After the lamentable news that UK supermarket chain Tesco was about to simply shutter its Blinkbox Books ebook platform, with no buyer or alternative operator in sight, Kobo has stepped up to take over the Blinbox titles, and customers. According to the reports, Kobo did not offer any money to Tesco for the service, but the two companies are working together on a transition nonetheless, with a Kobo app for the Tesco Hudl tablet in the offing that will allow existing Blinkbox Books customers to transfer their libraries easily.

Those with unused Blinkbox credit, however, are apparently not having this transferred to Kobo, so whether some refund will take place is also not clear. With no money in prospect, Tesco is presumably doing this purely for the sake of its customers and goodwill. And Tesco’s street ads for an “ebook epiphany” are not going to appear quite so ludicrous.

It’s only to be hoped that Tesco and Kobo do a better job of the deal than Microsoft and Barnes & Noble did with the transfer of the Microsoft Reader service to Nook Books. Not all titles in readers’ libraries made the transfer, and overall the experience was not a good one. Microsoft and Barnes & Noble have since ended their partnership entirely.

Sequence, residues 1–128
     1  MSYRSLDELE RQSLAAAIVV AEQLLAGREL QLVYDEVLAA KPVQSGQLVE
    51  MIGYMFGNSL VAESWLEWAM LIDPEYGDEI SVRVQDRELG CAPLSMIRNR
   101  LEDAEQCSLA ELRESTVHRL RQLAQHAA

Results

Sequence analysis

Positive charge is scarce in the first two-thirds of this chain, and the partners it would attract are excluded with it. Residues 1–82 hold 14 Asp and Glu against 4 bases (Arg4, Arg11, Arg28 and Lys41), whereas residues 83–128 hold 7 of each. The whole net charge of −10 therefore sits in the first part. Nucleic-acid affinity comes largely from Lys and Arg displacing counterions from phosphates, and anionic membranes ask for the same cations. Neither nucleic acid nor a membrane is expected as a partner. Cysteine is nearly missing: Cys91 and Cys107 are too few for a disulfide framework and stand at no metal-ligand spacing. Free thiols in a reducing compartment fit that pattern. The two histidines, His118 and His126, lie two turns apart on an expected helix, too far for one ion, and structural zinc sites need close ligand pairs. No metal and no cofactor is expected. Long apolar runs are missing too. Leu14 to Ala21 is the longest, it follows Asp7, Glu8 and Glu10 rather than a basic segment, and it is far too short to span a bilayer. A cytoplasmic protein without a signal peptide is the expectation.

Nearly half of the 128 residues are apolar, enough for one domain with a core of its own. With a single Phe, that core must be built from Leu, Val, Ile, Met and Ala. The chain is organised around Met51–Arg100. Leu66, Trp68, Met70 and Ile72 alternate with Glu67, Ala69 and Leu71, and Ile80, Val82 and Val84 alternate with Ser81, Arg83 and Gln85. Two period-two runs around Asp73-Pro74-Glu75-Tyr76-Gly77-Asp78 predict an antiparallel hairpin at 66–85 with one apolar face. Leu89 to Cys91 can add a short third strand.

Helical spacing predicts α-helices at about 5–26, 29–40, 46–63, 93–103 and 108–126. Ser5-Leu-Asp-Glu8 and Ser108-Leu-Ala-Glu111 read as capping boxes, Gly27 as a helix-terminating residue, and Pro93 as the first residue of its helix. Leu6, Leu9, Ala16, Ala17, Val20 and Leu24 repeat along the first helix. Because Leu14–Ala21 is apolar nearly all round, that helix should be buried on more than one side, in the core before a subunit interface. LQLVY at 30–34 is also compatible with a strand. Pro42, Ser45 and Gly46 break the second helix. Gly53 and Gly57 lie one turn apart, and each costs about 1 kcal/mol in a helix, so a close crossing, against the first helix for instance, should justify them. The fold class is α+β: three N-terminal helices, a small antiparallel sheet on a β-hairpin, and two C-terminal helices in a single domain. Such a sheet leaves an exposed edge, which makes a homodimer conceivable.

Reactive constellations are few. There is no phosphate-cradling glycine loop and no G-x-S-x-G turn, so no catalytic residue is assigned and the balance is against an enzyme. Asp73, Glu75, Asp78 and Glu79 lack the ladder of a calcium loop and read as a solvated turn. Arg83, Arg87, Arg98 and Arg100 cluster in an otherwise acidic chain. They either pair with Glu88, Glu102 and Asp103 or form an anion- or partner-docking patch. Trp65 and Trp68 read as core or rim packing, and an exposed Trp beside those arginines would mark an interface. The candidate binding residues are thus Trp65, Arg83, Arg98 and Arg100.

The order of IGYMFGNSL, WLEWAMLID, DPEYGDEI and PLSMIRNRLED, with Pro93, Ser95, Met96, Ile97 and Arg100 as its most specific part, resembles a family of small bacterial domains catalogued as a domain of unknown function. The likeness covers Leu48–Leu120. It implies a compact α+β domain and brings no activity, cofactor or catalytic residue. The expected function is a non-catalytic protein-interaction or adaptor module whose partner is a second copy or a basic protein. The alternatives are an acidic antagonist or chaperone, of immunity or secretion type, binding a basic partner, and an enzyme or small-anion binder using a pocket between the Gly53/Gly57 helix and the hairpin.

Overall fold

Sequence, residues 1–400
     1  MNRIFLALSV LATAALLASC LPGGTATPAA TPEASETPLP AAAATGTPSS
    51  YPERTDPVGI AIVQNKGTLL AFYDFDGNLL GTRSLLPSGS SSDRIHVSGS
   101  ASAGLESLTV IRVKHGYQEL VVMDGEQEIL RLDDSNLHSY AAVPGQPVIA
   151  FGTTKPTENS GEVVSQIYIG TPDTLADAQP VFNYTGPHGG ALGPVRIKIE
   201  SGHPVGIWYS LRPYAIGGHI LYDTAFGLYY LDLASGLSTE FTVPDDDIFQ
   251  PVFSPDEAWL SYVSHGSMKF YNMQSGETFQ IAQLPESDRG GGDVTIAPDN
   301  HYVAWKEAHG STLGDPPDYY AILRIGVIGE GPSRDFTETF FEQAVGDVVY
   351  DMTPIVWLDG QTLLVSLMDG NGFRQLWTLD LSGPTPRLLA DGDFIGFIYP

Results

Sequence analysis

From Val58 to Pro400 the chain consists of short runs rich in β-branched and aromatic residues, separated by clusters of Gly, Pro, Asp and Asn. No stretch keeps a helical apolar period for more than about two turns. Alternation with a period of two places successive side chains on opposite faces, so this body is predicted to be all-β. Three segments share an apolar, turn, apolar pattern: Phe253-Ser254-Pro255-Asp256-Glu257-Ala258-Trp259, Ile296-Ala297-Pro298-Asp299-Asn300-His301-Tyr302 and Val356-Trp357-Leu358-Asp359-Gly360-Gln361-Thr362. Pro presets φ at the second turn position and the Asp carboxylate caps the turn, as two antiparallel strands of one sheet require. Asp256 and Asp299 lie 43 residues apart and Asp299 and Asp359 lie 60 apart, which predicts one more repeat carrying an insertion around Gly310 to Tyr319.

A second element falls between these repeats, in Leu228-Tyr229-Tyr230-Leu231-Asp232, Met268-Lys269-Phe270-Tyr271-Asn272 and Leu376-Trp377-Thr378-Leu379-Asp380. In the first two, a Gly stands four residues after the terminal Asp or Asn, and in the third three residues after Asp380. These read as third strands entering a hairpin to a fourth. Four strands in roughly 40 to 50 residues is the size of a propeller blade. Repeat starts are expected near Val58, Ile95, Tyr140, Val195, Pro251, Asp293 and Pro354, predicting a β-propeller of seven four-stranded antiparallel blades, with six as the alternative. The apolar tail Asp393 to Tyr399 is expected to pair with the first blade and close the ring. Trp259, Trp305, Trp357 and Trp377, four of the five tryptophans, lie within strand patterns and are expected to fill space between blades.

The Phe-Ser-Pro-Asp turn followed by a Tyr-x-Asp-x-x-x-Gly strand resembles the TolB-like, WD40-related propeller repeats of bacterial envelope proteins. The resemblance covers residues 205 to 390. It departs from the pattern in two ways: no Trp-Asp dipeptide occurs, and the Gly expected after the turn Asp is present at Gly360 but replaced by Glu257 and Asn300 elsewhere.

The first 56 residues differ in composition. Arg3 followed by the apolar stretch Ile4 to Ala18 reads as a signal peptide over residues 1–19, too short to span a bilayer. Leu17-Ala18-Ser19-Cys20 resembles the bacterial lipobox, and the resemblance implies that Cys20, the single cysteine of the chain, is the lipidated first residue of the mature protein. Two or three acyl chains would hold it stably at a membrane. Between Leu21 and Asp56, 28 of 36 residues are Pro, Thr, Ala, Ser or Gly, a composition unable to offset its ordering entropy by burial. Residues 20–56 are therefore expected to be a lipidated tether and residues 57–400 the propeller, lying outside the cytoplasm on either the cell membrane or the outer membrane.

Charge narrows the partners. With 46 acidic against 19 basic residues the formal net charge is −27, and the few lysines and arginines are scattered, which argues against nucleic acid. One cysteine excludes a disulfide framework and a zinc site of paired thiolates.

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Paul St John Mackintosh is a British poet, writer of dark fiction, and media pro with a love of e-reading. His gadgets range from a $50 Kindle Fire to his trusty Vodafone Smart Grand 6. Paul was educated at public school and Trinity College, Cambridge, but modern technology saved him from the Hugh Grant trap. His acclaimed first poetry collection, The Golden Age, was published in 1997, and reissued on Kindle in 2013, and his second poetry collection, The Musical Box of Wonders, was published in 2011.


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